Atlantic Beach extends Bikefest, will overlap Myrtle Beach Harley-Davidson rally

A week after Horry County Council decided not to change the vendor permits for the spring bike rallies, Atlantic Beach Town Council members voted Tuesday to extend their annual festival by a week.

Town Council voted Tuesday to extend its Memorial Day Bikefest activities from May 18 to May 28 and license vendors to sell merchandise and food, said Councilman Jake Evans.

“We shouldn’t be dealing with this stuff now. It should have been done way before the first of the year. Bikefest is less than a month away and this is something you just don’t handle at the eleventh hour,” Evans said Tuesday afternoon. “It’s just a shame that we would actually put this off until this late date. The bikers will (be) rolling in here a week or two.”

Other council members and Mayor Retha Pierce could not be immediately reached Tuesday for comment.

Atlantic Beach resident Paul Curry, who has been outspoken on town issues before, said he wasn’t expecting the council to extend Bikefest.

“It did take me by surprise also,” he said.

Curry said the additional days could benefit the town of Atlantic Beach because of the fee schedule, but will come at a cost because of the potential impact on neighboring jurisdictions like North Myrtle Beach.

North Myrtle Beach spokesman Pat Dowling said officials there had no knowledge of the direction Atlantic Beach was going prior to Tuesday’s decision. Last Friday, North Myrtle Beach public safety officials checked in with the Atlantic Beach Police Department and was told everything was the same, he added.

Dowling said it would have been nice for Atlantic Beach officials to have brought surrounding municipalities into the conversation before making a decision to extend the Bikefest.

“On first blush, it’s not great news,” Dowling said.

North Myrtle Beach officials are already preparing for the Blue Crab Festival, which runs May 19 and 20, and the Divas Half Marathon, a new event that is being held May 20.

The marathon is expected to bring in 4,000 participants, Dowling said.

Horry County Councilman Harold Worley, a major supporter of the Blue Crab Festival, doesn’t think Atlantic Beach’s decision will have any significant impact on either the Bikefest itself, or other events happening that weekend.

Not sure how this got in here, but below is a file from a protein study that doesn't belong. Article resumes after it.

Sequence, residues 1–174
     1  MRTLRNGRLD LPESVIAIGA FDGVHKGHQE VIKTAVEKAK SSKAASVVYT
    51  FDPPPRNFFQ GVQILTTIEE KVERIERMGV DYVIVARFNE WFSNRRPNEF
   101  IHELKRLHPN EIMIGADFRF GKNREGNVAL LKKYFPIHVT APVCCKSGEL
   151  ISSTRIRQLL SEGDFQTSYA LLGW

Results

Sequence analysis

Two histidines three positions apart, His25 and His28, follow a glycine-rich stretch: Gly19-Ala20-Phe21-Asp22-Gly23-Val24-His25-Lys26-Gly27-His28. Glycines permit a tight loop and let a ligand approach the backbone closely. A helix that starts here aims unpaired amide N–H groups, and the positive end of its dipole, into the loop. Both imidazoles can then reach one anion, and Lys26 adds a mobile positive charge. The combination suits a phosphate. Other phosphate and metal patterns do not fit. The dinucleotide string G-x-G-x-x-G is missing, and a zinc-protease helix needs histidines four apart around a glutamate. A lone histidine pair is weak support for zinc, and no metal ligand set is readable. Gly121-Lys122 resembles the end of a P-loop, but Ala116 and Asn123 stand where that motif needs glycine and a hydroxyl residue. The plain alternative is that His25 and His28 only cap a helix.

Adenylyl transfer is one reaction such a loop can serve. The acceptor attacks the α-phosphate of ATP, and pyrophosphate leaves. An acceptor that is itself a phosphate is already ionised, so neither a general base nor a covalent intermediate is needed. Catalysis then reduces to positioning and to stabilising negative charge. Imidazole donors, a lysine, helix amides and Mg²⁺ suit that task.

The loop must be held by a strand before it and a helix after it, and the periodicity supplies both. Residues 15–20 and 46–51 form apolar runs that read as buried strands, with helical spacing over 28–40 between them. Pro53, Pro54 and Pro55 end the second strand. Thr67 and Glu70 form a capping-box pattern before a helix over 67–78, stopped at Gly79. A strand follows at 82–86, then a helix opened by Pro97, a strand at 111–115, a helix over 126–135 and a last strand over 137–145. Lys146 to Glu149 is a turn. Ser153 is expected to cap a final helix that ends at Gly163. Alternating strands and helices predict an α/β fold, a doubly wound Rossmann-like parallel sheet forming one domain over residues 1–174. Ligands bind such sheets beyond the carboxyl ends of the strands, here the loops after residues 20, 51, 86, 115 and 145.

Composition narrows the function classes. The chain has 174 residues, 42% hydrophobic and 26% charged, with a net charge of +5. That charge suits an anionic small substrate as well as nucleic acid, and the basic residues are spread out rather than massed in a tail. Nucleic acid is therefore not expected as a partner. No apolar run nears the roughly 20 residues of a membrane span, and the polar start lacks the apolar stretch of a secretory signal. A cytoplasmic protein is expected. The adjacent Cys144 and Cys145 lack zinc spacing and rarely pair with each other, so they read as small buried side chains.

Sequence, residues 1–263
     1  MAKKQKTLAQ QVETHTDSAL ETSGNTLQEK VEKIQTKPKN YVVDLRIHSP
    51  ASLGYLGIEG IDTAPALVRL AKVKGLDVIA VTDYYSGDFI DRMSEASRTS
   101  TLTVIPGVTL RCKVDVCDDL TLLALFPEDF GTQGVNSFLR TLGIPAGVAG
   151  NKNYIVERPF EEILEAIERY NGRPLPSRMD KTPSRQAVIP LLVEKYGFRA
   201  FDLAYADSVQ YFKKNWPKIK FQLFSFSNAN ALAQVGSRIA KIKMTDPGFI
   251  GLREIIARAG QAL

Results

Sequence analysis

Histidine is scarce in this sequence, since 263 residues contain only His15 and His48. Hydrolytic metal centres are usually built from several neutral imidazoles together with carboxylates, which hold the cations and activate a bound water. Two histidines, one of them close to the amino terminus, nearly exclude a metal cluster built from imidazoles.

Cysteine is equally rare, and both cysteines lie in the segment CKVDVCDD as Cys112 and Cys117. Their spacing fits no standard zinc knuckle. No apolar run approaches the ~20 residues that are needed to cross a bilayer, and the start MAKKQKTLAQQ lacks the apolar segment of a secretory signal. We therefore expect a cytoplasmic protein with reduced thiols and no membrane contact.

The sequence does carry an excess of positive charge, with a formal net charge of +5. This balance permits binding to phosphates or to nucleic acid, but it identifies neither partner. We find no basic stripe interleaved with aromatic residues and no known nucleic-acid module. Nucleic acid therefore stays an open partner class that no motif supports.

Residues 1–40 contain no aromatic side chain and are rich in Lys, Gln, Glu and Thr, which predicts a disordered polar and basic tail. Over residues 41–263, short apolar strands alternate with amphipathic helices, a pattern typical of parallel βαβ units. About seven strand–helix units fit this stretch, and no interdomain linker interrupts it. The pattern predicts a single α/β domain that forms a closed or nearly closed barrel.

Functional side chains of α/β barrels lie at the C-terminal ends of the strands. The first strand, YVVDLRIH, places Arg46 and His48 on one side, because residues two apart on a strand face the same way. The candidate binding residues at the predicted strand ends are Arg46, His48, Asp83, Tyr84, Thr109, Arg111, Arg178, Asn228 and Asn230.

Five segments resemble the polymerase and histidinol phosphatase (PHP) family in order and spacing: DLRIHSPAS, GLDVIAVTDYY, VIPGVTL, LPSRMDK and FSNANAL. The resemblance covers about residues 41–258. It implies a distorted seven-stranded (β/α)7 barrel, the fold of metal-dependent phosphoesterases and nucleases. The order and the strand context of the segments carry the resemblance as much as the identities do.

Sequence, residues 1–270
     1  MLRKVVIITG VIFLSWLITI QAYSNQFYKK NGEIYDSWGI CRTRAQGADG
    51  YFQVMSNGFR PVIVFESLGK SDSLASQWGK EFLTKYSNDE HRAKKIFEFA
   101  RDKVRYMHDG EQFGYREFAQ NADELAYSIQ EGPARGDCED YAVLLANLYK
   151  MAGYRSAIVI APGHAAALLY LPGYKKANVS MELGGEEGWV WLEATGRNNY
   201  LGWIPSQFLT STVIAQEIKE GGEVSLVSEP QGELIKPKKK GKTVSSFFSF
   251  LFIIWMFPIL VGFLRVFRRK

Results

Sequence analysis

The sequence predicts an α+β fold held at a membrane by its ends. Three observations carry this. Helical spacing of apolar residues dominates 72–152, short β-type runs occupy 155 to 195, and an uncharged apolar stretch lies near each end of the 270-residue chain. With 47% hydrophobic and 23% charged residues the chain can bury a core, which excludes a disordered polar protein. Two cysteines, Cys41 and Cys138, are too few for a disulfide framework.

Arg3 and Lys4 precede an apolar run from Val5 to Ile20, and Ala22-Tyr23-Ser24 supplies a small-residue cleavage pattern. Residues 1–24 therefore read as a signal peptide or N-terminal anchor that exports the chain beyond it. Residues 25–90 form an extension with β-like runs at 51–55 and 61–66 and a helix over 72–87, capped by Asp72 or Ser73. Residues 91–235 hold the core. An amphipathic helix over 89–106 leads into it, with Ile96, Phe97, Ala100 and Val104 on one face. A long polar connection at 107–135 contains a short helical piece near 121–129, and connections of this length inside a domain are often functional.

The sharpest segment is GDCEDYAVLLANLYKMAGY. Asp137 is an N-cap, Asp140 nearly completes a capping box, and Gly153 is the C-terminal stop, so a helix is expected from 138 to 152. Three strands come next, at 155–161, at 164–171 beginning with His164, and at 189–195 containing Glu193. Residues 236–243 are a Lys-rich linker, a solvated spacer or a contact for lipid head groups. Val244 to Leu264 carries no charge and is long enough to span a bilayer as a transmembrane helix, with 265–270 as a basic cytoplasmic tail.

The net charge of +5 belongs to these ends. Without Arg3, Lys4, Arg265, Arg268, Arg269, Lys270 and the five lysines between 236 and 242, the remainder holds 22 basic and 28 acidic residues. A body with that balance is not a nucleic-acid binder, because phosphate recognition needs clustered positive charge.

Worley said time and hundreds of thousands of dollars is needed to promote the expanded event in order to help Atlantic Beach grow tourism. There’s less than a month before the start of the town’s Bikefest.

“I don’t think it’s going to make much of a difference other than in their minds,” Worley said.

Officials with the Myrtle Beach Harley Davidson dealership were not available for comment on Tuesday.

In March, some Atlantic Beach Town Council members argued that they should have minimal involvement with the bike festival to reduce costs.

The town’s festival will now overlap with the Myrtle Beach Harley-Davidson rally, which also is set for May 18 to 28. Atlantic Beach Bikefest has traditionally been held in the town during Memorial Day weekend.

Because Horry County Council refused to change vendor permit dates nothing is expected to change with Atlantic Beach Town officials changing theirs, said Lisa Bourcier, Horry County spokeswoman.

“We didn’t issue any [vendor permits near Atlantic Beach] last year, but that may change this year,” Bourcier said. “We may see additional traffic and a pickup of events.”

Horry County Police, who provide some public safety in the town as well as at key locations during the Harley-Davidson rally throughout the county, will have to review their staffing plans, Sgt. Robert Kegler said after hearing of the change.

“We’re going to continue to police like we’ve always policed," Kegler said.

In Myrtle Beach, police Capt. David Knipes said he was surprised by the changes because of the late timing.

“We don’t really know what effect this will have on the number of attendees, but we will be prepared in case we need to make any changes,” Knipes said. “Our plans are made and our plans are set but we do have contingencies if there are additional influxes [of people] or problems so we can change them if needed.”

Lance Cpl. Sonny Collins, with the South Carolina Highway Patrol, said it’s too early to know exactly what their enforcement plan is going to be, and there will have to be an evaluation of all changes.

“We always are flexible in our planning for these big events,” Collins said.